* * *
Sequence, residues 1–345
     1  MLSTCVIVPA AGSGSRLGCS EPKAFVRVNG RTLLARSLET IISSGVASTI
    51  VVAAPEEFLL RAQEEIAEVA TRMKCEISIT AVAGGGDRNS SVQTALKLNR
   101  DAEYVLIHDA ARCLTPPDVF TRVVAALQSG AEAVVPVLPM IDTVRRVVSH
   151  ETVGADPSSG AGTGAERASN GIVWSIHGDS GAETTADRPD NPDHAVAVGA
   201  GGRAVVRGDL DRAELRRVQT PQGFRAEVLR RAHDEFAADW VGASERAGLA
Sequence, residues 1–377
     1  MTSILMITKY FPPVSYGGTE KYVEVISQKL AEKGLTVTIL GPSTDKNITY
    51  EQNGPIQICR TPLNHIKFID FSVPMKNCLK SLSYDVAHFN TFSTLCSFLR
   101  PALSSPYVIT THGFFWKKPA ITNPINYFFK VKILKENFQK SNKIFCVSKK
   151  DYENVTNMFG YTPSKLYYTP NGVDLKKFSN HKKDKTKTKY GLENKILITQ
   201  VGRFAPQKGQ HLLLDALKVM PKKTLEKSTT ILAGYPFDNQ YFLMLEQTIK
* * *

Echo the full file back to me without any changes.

Sequence, residues 1–345
     1  MLSTCVIVPA AGSGSRLGCS EPKAFVRVNG RTLLARSLET IISSGVASTI
    51  VVAAPEEFLL RAQEEIAEVA TRMKCEISIT AVAGGGDRNS SVQTALKLNR
   101  DAEYVLIHDA ARCLTPPDVF TRVVAALQSG AEAVVPVLPM IDTVRRVVSH
   151  ETVGADPSSG AGTGAERASN GIVWSIHGDS GAETTADRPD NPDHAVAVGA
   201  GGRAVVRGDL DRAELRRVQT PQGFRAEVLR RAHDEFAADW VGASERAGLA
Sequence, residues 1–377
     1  MTSILMITKY FPPVSYGGTE KYVEVISQKL AEKGLTVTIL GPSTDKNITY
    51  EQNGPIQICR TPLNHIKFID FSVPMKNCLK SLSYDVAHFN TFSTLCSFLR
   101  PALSSPYVIT THGFFWKKPA ITNPINYFFK VKILKENFQK SNKIFCVSKK
   151  DYENVTNMFG YTPSKLYYTP NGVDLKKFSN HKKDKTKTKY GLENKILITQ
   201  VGRFAPQKGQ HLLLDALKVM PKKTLEKSTT ILAGYPFDNQ YFLMLEQTIK